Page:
Should there be Bank Failure, NDIC Boss Assures Above 97% Depositors Funds are Insured, Safe

Should there be Bank Failure, NDIC Boss Assures Above 97% Depositors Funds are Insured, Safe

  • Nigeria Deposit Insurance Corporation is an independent agency of the Federal Government of Nigeria created to protect depositors and guarantee the settlement of insured funds.
  • The insured limit is currently a maximum of N500,000 for each depositor in respect of deposits held in each insured Deposit Money Bank (including Non-Interest Banks).
  • NDIC however has revealed only 0.6 percent of bank accounts contain the maximum limits of N500,000

Bello Hassan, Managing Director of the Nigeria Deposit Insurance Corporation (NDIC), has assured depositors that in the event of failure of a bank, above 97 per cent of depositors would be fully covered by the Corporation

Hassan gave the assurance at the 2021 FICAN Workshop organised by NDIC for Finance Correspondents and Business Editors on Tuesday in Gombe.

The Guardian Newspaper, quoted Hassan as saying that the total number of accounts in the deposit money banks in 2016, 2017, 2018 and 2019, stood at 83.0 million; 99.1million; 112.0 million and 128.4 million respectively.

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According to him, out of these numbers, the N500,000 coverage limit fully covered 99.4per cent; 97.6per cent; 97.5 per cent and 97.6per cent of accounts, respectively.

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The NDIC boss who was responding to questions from journalist on the maximum deposit for banks customers to be insured said:

What these figures entail is that only less than three per cent of accounts/depositors are not fully covered by the prevailing coverage limits.

“The implication of this is that in the event of failure of a bank, above 97per cent of depositors would be fully covered by the Corporation.

The Managing director said also that the Corporation’s maximum coverage limits remained the most adequate and robust in the world.

“We urge the media through this forum to make Nigerian depositors aware that the NDIC’s maximum coverage limits of N500,000.00 per depositor per commercial, merchant and, non-interest bank, primary mortgage bank and mobile money operator, as well as N200,000.00 per depositor per microfinance bank remain the most adequate and robust in the world.

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“”I need to reiterate that, as it is today, these limits are not only adequate, they are also consistent with the extant provisions and recommendations of the International Association of Deposit Insurers (IADI) in its Core Principle for Effective Deposit Insurance System on the determination of coverage limits.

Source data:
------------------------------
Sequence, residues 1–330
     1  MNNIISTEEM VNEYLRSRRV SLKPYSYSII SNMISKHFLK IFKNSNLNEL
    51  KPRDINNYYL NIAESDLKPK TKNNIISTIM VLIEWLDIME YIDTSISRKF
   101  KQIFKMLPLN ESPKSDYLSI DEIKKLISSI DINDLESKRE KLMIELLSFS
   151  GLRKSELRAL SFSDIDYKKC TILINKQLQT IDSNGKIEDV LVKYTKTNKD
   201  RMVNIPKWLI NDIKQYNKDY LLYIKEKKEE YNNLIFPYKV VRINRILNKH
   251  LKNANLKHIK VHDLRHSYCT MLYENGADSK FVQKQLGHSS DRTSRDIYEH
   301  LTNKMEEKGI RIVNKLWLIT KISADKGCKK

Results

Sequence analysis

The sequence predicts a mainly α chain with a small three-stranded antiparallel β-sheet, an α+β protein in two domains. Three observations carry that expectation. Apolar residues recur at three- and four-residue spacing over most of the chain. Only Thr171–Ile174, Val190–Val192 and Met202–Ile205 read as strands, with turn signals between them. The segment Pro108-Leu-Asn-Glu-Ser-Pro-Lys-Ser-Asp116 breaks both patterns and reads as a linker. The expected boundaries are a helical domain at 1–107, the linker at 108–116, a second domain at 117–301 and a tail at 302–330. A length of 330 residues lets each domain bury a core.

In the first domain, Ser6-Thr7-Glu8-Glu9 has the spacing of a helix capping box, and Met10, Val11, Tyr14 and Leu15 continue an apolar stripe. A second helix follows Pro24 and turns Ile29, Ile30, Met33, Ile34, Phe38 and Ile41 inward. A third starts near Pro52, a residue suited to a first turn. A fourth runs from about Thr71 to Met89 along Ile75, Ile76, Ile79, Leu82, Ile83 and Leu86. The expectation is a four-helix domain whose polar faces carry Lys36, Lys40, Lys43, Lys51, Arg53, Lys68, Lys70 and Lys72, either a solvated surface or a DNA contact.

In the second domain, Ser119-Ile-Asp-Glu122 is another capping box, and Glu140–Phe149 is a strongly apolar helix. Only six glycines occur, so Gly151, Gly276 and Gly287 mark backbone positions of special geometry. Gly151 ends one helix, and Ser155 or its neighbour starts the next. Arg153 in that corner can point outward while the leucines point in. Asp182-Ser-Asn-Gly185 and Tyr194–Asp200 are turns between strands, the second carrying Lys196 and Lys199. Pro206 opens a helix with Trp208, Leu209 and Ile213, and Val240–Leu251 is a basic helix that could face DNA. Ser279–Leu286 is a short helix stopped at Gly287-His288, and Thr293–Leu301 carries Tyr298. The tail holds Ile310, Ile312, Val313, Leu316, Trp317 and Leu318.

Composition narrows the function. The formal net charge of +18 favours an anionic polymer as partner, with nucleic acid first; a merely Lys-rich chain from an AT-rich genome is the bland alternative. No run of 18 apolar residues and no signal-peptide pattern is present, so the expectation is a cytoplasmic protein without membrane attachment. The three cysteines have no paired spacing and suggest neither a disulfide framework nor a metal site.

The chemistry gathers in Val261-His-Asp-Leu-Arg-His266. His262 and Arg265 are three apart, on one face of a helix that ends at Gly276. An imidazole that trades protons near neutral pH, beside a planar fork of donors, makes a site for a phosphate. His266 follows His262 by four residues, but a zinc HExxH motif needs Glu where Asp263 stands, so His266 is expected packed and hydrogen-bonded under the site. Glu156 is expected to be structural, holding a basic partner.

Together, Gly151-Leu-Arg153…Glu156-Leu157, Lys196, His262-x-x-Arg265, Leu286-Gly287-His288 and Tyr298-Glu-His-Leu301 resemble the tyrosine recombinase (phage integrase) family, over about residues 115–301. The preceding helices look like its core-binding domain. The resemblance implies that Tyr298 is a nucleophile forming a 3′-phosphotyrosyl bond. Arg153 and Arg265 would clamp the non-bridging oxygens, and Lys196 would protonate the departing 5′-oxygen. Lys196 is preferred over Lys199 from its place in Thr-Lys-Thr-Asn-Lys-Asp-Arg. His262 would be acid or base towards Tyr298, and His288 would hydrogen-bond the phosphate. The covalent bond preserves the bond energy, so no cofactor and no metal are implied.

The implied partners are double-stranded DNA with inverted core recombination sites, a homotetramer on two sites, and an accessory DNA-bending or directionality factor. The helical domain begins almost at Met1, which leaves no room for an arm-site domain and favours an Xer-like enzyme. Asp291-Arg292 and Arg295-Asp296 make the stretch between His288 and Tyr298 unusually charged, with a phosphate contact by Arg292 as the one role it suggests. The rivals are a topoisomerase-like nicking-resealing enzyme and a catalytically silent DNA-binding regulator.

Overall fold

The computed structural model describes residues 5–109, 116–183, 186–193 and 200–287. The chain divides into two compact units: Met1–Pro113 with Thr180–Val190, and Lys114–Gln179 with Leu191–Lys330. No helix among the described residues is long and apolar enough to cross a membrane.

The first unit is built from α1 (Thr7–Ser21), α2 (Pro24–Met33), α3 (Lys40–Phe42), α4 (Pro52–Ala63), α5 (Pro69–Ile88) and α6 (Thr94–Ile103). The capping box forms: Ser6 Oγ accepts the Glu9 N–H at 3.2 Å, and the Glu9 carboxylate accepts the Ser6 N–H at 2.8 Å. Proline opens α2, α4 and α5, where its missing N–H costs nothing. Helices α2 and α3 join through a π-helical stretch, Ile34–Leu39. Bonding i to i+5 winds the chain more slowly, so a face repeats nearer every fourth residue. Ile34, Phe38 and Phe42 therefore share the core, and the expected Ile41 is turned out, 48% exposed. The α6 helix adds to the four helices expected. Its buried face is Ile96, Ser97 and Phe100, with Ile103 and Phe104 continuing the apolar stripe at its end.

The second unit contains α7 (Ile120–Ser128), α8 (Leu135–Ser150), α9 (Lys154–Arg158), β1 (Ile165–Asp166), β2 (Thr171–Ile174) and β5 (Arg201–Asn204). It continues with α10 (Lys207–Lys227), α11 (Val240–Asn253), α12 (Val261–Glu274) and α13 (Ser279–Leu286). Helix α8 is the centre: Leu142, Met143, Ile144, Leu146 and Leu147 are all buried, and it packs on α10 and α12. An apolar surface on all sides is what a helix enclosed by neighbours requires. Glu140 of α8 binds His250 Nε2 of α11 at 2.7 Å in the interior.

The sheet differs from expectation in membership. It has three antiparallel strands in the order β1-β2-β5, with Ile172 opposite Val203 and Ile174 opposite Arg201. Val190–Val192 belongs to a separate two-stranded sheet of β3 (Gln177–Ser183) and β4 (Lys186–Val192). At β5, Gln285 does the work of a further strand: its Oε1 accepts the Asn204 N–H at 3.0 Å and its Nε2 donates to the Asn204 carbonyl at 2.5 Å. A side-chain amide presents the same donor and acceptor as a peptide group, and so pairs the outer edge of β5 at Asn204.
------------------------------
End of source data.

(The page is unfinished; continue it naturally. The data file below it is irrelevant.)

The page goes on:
“The IADI Core Principle No. 8 on coverage limits specifically requires that the thresholds should be limited, credible with the capacity to fully cover substantial majority of bank depositors while the rest remain exposed to ensure market discipline. Deposit insurance coverage should also be consistent with the deposit insurance system’s public policy objective.
“In addition, the coverage limits are not designed to be static but subject periodic reviews to ensure that they are consistent with the public policy objectives of the Deposit Insurance System. The Corporation successfully reviewed upward the coverage limits from N50,000 at inception in 1989 to N200,000 in 2006 and N500,000 in 2010."

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Besides, Hassan advocated that the corporation be efficiently empowered to be able to recover assets as expeditiously as possible, so they could pay the depositors

“There are a lot of areas that I think the NDIC Act needs to be amended. NDIC, we are liquidators and what happens is that at the point of liquidation, we try to recover the assets, especially the loans and advances that were granted by those banks that are in liquidation.
“One of the challenges that we are facing is slow recovery and if the act is to be amended, I think it is important that the corporation is efficiently empowered to be able to recover those assets as expeditiously as possible so they can pay the depositors.”

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Meanwhile, Former Anambra governor Peter Obi has reacted to his alleged invitation by the anti-graft agency, EFCC.

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